USGS: West Texas Spraberry Field Holds Over 4 Billion Barrels of Oil
Tuesday, May 16, 2017
Undiscovered oil resources in West Texas’ Spraberrry Formation are estimated to be over 700 percent larger than previously thought, according to a new assessment from the United States Geological Survey (USGS).
The Spraberry is now believed to hold 4.2 billion barrels of oil, up from just 510 million barrels of oil estimated in the agency’s 2007 assessment. The formation is also now estimated to hold 3.1 trillion cubic feet (Tcf) of undiscovered natural gas resources, up from just 258 billion cubic feet (Bcf) estimated in the previous assessment, or an increase of over 1,100 percent.
Source: U.S. Department of the Interior Park Service, via USGS
Historically, the Spraberry’s resources were primarily developed through conventional vertical drilling, which was the case when the 2007 assessment was made. But the increased use of technologies such as hydraulic fracturing and horizontal drilling since then has increased the amount of resources that are technically recoverable. As the assessment notes:
“The Spraberry was last assessed in 2007 based on historical production from vertical wells (Schenk and others, 2007). Since 2007, multiple intervals within the Spraberry have been targeted with horizontal drilling.”
As reported previously, technological advances in oil and gas development have increased the estimated resources in other West Texas formations as well. Just six months ago, the USGS released an updated assessment on the Wolfcamp Shale Formation – also located in the Midland Basin of West Texas – which found that the formation represents the “largest estimated of continuous oil” that the USGS has ever assessed in the United States. Now estimated to hold 20 billion barrels of oil and an amazing 16 Tcf of associated natural gas, USGS Energy Resource Program Coordinator Walter Guidroz credited technological advancement as a main driver of this increase:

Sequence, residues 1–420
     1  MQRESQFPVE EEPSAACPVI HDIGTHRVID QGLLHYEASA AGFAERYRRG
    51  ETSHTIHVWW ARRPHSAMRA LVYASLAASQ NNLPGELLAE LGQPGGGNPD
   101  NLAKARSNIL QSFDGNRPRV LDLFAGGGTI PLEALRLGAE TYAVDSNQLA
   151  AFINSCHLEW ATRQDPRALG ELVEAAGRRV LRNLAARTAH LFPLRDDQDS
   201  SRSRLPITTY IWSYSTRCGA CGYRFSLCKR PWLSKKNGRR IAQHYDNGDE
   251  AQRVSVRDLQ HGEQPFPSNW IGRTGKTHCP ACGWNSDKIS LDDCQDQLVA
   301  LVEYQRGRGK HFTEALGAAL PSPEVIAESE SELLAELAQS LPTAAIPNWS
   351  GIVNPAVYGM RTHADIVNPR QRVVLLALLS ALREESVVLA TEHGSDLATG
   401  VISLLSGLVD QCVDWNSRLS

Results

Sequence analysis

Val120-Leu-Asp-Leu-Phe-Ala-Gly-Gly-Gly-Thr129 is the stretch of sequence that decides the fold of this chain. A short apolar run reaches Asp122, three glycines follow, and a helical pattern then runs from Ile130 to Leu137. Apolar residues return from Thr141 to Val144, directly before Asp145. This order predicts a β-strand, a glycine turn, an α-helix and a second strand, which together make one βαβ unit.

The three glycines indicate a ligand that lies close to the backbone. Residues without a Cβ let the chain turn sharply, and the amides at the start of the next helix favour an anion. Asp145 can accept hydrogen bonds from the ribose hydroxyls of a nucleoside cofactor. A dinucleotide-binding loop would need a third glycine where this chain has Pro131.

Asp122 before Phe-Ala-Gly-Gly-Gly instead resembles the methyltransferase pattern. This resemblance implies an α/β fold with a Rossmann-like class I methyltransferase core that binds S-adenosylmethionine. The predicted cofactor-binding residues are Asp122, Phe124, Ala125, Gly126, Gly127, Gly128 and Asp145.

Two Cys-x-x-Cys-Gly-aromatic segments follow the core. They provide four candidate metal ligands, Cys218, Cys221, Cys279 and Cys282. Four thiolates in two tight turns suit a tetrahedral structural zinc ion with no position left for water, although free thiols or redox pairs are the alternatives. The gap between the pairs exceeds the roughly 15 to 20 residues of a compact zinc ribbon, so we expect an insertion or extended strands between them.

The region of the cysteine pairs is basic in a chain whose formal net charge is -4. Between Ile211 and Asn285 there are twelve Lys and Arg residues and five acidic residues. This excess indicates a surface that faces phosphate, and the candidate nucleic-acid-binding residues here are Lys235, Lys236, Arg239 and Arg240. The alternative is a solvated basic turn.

“Changes in technology and industry practices have significant effects on what resources are technically recoverable, and that’s why we continue to perform resource assessments throughout the United States and around the world.”
This latest USGS assessment shows once again the critical role that technology plays in expanding domestic energy development, as advancements such as fracking and horizontal drilling have helped the United States maintain its role as a global energy superpower.Back